In anime when a character is chronically sick, they are said to have a "weak body".

The first and most obvious example that comes to my mind is Clannad, but I've seen this in other animes as well.

Is this something out of japanese culture? Or maybe a quirk of translation?

Maybe I'm looking too far into it and it's really just a plot device, and nobody really cares about what the illness really is.

Thanks to those who reply!

  • 1
    I've assumed that, since the Japanese are a very polite people in general, asking about ones illness is considered rude and/or too personal. I don't think it is just a plot device in the sense that nobody cares.
    – Deathspike
    Jan 31, 2014 at 21:11
  • 2
    I had always assumed that having chronic illness makes you weak in a sense. I don't even think it's a cultural thing; it's just what illnesses are Jan 31, 2014 at 22:55

1 Answer 1


It's more than likely that this so-called mysterious "weakness syndrome" is really just as a plot device to drive the story/characters along. This particular aim to draw sympathies to the particular character and is more often than not, a popular way to have character die before their time, if that's what the story demands.

So why is this mysterious weakness trope so popular, you ask? Why not always using a real illness? Typically it's because this "weakness" is a "clean" and "cute" illness, when compared to actual chronic medical conditions. Even in its lethal form the symptoms are: you are weak, you're getting weaker, you die. (coughing up blood every now and then is optional)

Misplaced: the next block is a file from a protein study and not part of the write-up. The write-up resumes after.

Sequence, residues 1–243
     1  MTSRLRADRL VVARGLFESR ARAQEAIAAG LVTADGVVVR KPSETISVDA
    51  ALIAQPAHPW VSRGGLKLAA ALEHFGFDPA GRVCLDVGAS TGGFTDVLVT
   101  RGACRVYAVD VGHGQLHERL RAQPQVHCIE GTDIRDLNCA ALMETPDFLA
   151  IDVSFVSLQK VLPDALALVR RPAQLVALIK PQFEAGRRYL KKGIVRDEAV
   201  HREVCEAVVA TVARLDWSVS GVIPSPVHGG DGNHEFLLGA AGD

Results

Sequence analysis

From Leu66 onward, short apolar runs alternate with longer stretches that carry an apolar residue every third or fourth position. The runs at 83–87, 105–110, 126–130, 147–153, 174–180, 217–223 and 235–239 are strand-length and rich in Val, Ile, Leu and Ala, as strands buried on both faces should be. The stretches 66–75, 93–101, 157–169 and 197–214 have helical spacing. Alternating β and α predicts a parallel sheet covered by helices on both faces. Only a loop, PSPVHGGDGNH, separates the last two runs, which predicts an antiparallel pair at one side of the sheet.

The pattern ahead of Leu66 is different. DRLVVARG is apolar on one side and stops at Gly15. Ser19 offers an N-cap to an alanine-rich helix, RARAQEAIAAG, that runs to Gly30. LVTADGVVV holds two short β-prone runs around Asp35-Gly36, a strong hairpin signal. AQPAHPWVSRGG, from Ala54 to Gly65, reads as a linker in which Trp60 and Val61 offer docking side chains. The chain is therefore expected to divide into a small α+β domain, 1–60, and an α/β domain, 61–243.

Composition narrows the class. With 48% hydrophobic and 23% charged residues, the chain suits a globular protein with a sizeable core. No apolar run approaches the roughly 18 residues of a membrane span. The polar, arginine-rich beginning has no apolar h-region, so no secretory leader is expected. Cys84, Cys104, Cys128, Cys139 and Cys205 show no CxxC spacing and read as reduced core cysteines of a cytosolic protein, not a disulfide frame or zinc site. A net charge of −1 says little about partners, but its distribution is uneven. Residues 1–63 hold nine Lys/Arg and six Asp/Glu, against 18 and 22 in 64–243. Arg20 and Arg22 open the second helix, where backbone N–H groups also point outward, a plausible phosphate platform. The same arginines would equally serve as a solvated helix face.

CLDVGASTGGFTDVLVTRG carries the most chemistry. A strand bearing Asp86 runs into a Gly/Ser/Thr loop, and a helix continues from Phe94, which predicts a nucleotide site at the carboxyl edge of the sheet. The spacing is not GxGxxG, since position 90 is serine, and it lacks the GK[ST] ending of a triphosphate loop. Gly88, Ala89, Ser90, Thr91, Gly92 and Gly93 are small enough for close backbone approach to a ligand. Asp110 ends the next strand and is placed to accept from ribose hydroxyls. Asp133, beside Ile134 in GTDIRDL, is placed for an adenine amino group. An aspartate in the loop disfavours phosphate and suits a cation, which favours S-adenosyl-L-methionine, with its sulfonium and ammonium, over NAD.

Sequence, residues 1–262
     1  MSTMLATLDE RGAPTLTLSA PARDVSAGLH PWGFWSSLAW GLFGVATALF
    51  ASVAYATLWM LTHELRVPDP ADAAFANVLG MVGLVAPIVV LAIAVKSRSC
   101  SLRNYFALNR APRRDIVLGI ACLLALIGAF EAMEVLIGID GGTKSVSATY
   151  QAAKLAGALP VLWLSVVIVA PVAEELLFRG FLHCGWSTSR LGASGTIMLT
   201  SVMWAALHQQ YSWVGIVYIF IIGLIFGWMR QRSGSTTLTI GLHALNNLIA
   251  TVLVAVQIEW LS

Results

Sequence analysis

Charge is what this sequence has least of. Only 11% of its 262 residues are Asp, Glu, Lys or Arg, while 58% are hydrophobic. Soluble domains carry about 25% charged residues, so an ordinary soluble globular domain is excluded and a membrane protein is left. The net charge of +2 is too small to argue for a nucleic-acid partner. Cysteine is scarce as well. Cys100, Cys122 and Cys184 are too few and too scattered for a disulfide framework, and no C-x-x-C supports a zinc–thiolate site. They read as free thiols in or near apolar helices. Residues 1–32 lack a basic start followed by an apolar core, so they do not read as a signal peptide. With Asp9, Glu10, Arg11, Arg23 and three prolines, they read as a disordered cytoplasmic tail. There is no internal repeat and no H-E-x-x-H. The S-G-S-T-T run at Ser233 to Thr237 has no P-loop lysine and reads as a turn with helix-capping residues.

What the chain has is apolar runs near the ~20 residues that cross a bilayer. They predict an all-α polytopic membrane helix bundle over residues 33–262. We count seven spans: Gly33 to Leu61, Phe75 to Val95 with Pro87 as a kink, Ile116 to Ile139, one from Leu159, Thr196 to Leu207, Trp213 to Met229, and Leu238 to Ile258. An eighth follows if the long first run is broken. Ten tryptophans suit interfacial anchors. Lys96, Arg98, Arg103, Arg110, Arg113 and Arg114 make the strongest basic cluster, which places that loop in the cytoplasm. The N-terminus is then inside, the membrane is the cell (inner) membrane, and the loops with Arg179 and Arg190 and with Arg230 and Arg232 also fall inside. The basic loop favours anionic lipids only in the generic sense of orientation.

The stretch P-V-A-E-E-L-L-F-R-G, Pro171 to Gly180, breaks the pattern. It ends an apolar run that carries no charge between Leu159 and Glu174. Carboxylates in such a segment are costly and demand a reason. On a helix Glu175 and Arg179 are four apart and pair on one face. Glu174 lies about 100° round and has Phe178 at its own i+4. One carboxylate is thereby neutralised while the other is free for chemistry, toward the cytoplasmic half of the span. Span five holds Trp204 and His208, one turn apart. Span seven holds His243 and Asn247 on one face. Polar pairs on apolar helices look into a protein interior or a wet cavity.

In contrast, an actual conditions like stomach cancer on the other hand is not "cute" at all. As soon as you specify a real-life disease/conditions a lot of questions pop up, something that might shift the perspective away from the tragic fate of a character.

Additionally, there might be some actual conditions that inspired the "weakness syndrome" since Japanese did have a lot of sick people for a long time in certain areas. Having been a country that's been devastated twice by an atomic bomb, the effects of radiation exposure was not well researched or documented back then by scientists, so a lot of the long-term from direct and indirect radiation exposure side-effects like birth defects, leukemia, anemia, cancers, thyroid disease, liver and bone marrow degeneration, and overall severely compromised immune systems, might have been attributed to other things.

  • +1 for the WWII analysis of the physical and psychological impact on Nipponjin.
    – Sp0T
    Feb 1, 2014 at 5:17

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